Bird and Garden Report

The chickadees were already nesting in the birdhouse in our backyard, or so my husband told me when I called home. It was early March, and he had been out back kicking a ball with our daughter, Spencer, when he saw them. The two small birds were bringing dried grass and bits of moss to the weathered pine box in the hemlock tree.

Hanging up the phone, I surveyed the emergency room. It was a busy night at St. Christopher’s Hospital for Children in northern Philadelphia, and I would be there another eight hours at least. The bay, as we called the acute care area of the emergency room, held four gurneys with the sickest children. I was responsible for a four-year-old asthmatic in pigtails, a seven-year-old hit by a car while riding his bike in the street, a teenager with a stab wound in his arm who was waiting for a surgeon, and a girl on a nasogastric tube getting her stomach washed out (she had taken an entire bottle of Tylenol after fighting with her mother over coming home too late from the prom).

Yes, from my vantage point, spring was definitely here. On the days when the ER was too much for me, when I was numbed by all the earaches and lacerations and vomiting, I would call home and ask for the bird and garden report. My husband, David, would tell me about the oriole he had seen that day or the progress of our honeysuckle vine, and for a few minutes the walls of the windowless emergency room would dissolve. It offered a much needed respite from the tensions of the job.

That night was no exception. A surgeon wearing a robin’s-egg-blue scrub top and gold chain strode over to the counter. Jerking a thumb in the direction of the stabbed teen, he said, “Your choirboy there just got clipped. Nothing major slashed. You can stitch him up and sent him out.”

I cleaned the wound with Betadine, leaving the skin around the neat two-inch slit the color of yellowing leaves. After injection a solution of lidocaine and epinephrine to numb the pain and stanch the flow of blood, I planted the sutures evenly on either side of the wound, weaving the black filament in and out. As I threw the knots and clipped the ends, drops of blood pooled in the holes left by the needle. The crimson spots reminded me of a buried garden image: cardinals flashing through the winter air. Unlike the brown females, the male cardinals were blood red against the snow. I dressed the wound and gave my patient a tetanus shot before sending him home.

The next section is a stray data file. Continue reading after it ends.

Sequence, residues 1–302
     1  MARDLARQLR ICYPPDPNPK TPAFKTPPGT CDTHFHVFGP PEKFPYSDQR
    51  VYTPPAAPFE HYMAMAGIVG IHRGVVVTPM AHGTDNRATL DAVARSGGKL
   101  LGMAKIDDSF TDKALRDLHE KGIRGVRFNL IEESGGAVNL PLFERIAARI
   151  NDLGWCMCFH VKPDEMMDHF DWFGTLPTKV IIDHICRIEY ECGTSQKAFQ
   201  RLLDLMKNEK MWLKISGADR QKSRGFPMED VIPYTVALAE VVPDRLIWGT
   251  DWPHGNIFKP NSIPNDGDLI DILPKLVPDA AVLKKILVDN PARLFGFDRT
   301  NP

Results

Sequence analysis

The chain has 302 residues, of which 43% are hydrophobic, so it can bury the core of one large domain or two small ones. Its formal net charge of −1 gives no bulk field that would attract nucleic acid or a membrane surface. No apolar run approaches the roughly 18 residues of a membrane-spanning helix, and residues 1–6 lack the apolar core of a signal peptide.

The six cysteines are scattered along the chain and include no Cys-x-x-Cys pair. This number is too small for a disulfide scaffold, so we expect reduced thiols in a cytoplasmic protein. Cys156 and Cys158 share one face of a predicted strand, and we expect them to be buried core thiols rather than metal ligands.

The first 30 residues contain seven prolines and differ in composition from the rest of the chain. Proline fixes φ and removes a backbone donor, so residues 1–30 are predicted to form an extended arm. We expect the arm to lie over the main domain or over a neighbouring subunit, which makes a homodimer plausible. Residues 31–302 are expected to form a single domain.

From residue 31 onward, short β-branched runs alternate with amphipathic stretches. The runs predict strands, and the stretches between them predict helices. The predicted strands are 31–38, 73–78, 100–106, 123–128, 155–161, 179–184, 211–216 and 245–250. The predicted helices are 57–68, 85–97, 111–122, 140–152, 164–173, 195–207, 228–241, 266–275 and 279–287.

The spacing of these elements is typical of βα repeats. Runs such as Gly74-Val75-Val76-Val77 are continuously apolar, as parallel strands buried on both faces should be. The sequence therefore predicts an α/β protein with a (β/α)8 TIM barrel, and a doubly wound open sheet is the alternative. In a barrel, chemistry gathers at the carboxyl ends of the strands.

When my shift ended I drove home in the early morning, admiring the cornflowers growing wild on the median strips. Our second-floor bathroom window opened onto the garden, so I enjoyed the song birds as I showered. Now that David and I had Spencer, I pushed reset and dressed for a day of adventure with her.

David, meanwhile, was feverishly hunting in the bird book. Out the window he had spied a new bird colored olive and yellow. While I was content to identify plump juncos and gaudy scarlet tanagers, my husband was becoming a consummate bird-watcher: He was starting to differentiate between chipping sparrows and tree sparrows. I could distinguish roseola from scarlet fever, but I didn’t need to catalog my birds as finely. Their presence was enough; it reassured me. Looking over David’s shoulder at the field guide’s description of “confusing fall warblers,” I hazarded a guess that our unknown bird was one of them.

The garden glowed in the early light. After breakfast I helped Spencer water some vines grown from seeds I had picked, dried, and marked “hollyhocks.” Hollyhocks did not climb, though, so what I was growing was a mystery.

Back on day shifts a few weeks later, I was up and out of the house before Spencer even began stirring. By the time David sent out his first page, I’d treated swimmer’s ear, recommended an antihistamine for hives, and plucked a watermelon seed out of a child’s nose. I stole a moment to call him back and learned that our mystery vine had bloomed. It was a morning glory.